In 2017, Chicago shocked the NFL by trading up to draft QB Mitchell Trubisky with the second overall pick, just weeks after the team signed QB Mike Glennon to a three-year, $45 million deal with a guaranteed $18.5 million over three years in free agency. Last year there weren’t any unexpected quarterback moves made in the first round, but this year could be different.
After the musical chairs of free agency ended, there are still many teams in need of quarterbacks—but not immediately. The Giants need to draft Eli Manning’s heir sooner rather than later. Tennessee and Tampa Bay both have quarterbacks on expiring deals. Miami, Washington (because Alex Smith’s future is uncertain) and Denver all have bridge quarterbacks, but are searching for a franchise quarterback.
One scout I spoke to said there will be one or two first-round-caliber quarterbacks still available in the second half of the first round, which opens up the quarterback possibilities to teams picking outside of the top ten in this draft. I polled several scouts and agents around the NFL to find out which teams they think may surprise draft a quarterback. Here’s the list of teams (in alphabetical order) that came up most often:
The Bengals drafting a quarterback wouldn’t be much of a surprise after team owner Mike Brown said at the NFL owners meeting that he would not consider extending quarterback Andy Dalton’s contract (which runs through 2020) before this season. According to the Cincinnati Enquirer, Brown said, “I think it's a good year for [Dalton] to show like he can, like we think he will. After he re-establishes himself we would want to get together with him and see if we can extend it. I think Andy is a good player and that he will rebound off last year. He was hurt. We lost so many other pieces. It fell apart, but if he's healthy and we stay healthy enough, I have confidence in him.”
The Bengals have the No. 11 pick, which is in the range to get a top QB. Cincinnati’s first-year head coach Zac Taylor came up in the league as a quarterbacks coach, so he may have his eye on a rookie who he can mold in his own image. Taylor has expressed support for Dalton, but the Bengals came up most often in this poll, so they are a team to keep an eye on.
One scout posed the question—can the team really win it all with Matthew Stafford? The Lions haven’t won a playoff game since 1991, and while the roster is weak in many areas, it’s natural to question how much falls on Stafford. But also consider that the team wasn’t willing to trade Stafford to the Dolphins before last season for a first-round pick and more. Detroit’s roster has a lot of holes, and the Lions could pull in a decent haul of picks for their No. 8 pick if they put out some feelers to trade back—watch for them to trade down with a team desperate to get into the top ten.
New England Patriots
The Patriots’ roster has many holes—left tackle, tight end and defensive end are more pressing needs—but it’s not out of the question for New England to possibly draft a quarterback if the right player is still there at the No. 32. More likely, the Patriots will use a late-round pick on a quarterback, someone like North Dakota State’s Easton Stick, who led North Dakota State to three FCS titles, or Boise State’s Brett Rypien, who I’ve heard has a few teams interested in him.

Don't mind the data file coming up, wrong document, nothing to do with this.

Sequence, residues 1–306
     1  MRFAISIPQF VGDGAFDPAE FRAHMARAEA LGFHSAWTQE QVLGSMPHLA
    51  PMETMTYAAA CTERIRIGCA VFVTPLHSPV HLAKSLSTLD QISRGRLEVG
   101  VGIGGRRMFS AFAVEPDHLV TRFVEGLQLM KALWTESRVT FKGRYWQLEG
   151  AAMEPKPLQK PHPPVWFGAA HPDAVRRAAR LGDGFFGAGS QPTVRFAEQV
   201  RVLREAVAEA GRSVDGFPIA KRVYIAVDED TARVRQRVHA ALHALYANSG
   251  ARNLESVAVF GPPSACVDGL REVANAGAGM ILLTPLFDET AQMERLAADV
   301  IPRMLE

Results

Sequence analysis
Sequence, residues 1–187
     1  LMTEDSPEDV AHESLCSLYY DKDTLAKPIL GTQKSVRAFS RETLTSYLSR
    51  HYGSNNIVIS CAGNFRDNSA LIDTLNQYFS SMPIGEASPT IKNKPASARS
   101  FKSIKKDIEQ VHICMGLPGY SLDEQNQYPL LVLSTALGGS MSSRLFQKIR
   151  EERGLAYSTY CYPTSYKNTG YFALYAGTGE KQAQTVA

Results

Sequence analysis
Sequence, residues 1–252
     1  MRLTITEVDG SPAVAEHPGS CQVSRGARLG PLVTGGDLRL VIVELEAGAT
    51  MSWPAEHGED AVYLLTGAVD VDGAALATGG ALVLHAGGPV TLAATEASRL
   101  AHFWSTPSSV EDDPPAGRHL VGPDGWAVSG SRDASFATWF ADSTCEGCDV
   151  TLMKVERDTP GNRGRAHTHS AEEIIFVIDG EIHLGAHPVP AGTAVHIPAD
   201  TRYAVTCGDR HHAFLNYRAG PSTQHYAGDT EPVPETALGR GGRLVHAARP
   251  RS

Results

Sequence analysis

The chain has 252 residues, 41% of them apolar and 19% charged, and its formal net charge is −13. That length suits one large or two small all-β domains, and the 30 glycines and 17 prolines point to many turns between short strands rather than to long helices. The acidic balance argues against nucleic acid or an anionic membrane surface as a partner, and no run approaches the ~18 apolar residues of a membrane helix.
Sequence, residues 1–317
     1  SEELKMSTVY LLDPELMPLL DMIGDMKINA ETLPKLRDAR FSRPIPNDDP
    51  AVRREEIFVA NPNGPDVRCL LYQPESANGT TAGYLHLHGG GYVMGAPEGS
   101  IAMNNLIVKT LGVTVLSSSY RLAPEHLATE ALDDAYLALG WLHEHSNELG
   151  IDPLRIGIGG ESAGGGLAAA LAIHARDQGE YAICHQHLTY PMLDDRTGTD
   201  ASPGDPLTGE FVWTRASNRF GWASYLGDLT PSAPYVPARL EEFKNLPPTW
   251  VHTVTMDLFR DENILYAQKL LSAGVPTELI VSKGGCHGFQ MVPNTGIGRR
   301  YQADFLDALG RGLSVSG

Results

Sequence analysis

One scout originally mentioned Oakland, and then took it back, saying coach Jon Gruden won’t take a quarterback because he hates young quarterbacks. This is a good point about Gruden, but I still think there’s a real chance Gruden’s desire to remake a team in his own image will outweigh his dislike of inexperienced quarterbacks. As Albert Breer reported, the Raiders are doing their work on the top quarterbacks in this draft, hosting Dwayne Haskins and Kyler Murray for workouts. And the Oakland staff has already spent a significant amount of time with Missouri quarterback Drew Lock while coaching him at the Senior Bowl.
Even with Russell Wilson on the roster, Seattle keeps tabs on the draft’s quarterbacks. This year the team interviewed Kyler Murray at the scouting combine. Last year general manager John Schneider attended Josh Allen’s pro day at Wyoming, and two years ago, the Seahawks were very interested in Patrick Mahomes.
Seattle is currently in negotiations with Wilson’s camp to extend his contract—the QB gave the Seahawks a self-imposed deadline of April 15, not wanting to extend negotiations into the beginning of the offseason program. But Breer reported that Wilson will still be at the workouts whether or not he has a deal. However if there’s a quarterback whom Seattle likes still available in the second half of the first round, the Seahawks may go in that direction.
Tampa Bay Buccaneers
New head coach Bruce Arians has spoken out with his support of Jameis Winston, but the 25-year old quarterback is entering the final year of his five-year contract. Winston has struggled on the field with inconsistency and turnovers, and his record off the field is equally spotty, which makes it easy to see Tampa Bay picking a quarterback if there’s a guy they like in this draft. Will Winston take a real step forward in 2019? It may be easier for the Bucs to just move on without him. The Bucs pick fifth overall, which puts them in a good position to get a quarterback.
The pro day circuit has officially concluded, and now we enter the phase of the pre-draft process where most teams will hold local pro days at their facilities. Prospects who played at colleges near the NFL team are invited to work out. These are helpful because the team does not have to use one of their 30 allotted visits on these local prospects and can use that visit on a prospect who is not in the area.
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